The busiest time of the year for the Mendenhall Glacier Visitor’s Center is getting underway with a new director.
John Neary is taking over from retiring director Ron Martin.
Neary has spent decades working in Alaska’s outdoors and the job at Mendenhall is a position he says he is very happy to have. His work as a wilderness manager with the Juneau ranger district and Admiralty Island prepared him for this position he says. He plans to bring all of that experience and community connections to his new work.
Neary is already busy with lining up his goals for the center. He sees a need for a number of improvements that he says will improve the viewing experience. Problems such as the long wait for restrooms, congested traffic, and unsafe areas are not suitable for the “world-class” Mendenhall, Neary says.
“A few days ago I was watching an older gentleman—and I was some distance from him—but he walked down on the beach right past a sign that said dangerous rocks ahead and he walked up on to the rocks and with his first step he slipped and slammed down onto his shoulder. And I thought ‘oh no, the poor guy is going to have some major injury,’ but he stood up and held his elbow and hobbled back towards us and he was okay. But you can see that’s an accident waiting to happen and it just begs for a really good design solution to have a nice kind of loop trail that goes through this area that people really want to go through, out to Photo Point.”
Neary emphasizes the importance of access to locals as well as tourists.
“We are the drive-up glacier–there’s, as you know, lots of glaciers in Alaska—but what makes the Mendenhall unique is the fact that we have this great highway that comes right up to it and you get a wonderful view, nice trails, very accessible and that’s our niche really. What we want to be able to develop is the partnerships with the tour operators, with local residents, with everybody else who enjoys that easy access to ensure the flow works well here.”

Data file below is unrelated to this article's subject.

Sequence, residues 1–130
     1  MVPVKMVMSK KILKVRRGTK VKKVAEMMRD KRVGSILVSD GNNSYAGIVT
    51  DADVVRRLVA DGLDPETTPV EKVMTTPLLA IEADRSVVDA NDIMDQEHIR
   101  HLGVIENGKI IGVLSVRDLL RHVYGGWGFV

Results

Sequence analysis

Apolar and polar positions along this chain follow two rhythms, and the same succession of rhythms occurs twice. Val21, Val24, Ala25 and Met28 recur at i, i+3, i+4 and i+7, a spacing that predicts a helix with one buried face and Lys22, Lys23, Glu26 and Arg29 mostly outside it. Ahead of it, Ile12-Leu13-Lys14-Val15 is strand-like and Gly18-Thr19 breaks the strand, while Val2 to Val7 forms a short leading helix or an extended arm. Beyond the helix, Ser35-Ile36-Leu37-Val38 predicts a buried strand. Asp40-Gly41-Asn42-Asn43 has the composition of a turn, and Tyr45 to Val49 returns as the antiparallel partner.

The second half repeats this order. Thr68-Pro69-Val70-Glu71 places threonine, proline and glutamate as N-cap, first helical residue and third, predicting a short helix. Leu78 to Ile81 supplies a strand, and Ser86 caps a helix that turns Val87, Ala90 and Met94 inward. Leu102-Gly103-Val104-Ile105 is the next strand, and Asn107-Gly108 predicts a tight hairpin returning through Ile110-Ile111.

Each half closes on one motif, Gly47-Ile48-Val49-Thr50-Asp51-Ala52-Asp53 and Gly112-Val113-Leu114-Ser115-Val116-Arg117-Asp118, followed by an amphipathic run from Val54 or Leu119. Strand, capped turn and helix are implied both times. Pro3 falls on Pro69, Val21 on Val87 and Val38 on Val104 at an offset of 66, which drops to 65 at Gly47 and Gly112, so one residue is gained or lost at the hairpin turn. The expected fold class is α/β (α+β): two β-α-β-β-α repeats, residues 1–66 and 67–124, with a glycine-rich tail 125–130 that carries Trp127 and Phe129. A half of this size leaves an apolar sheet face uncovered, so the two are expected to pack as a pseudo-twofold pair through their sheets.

Neary calls Mendenhall our backyard glacier and says that Juneau values it highly. He says his goal is to preserve opportunities at the glacier for both residents and visitors.
The summer season is just getting underway, but Neary says people are quickly discovering what makes Mendenhall so special.
“Right now we have bears feeding on grass and cottonwood trees and that makes for a wonderful drive up bear-viewing experience which is also unique in Alaska. There are very few of them. Most of them entail expeditions to get out to some remote area.”
- Alaska Division of Homeland Security and the Juneau Local Emergency Planning Committee hosted the event featuring earthquake simulator located in downtown Juneau.
- Lindemuth said social clubs are like any other place of business where marijuana consumption is not allowed by law.
- Nine communities around the state broke daily high temperature records Tuesday, including Kenai at 71 degrees, Bethel at 72 degrees and Anchorage at 74.
- Want to learn Tlingit? Sealaska Heritage Institute recently released two apps for just that.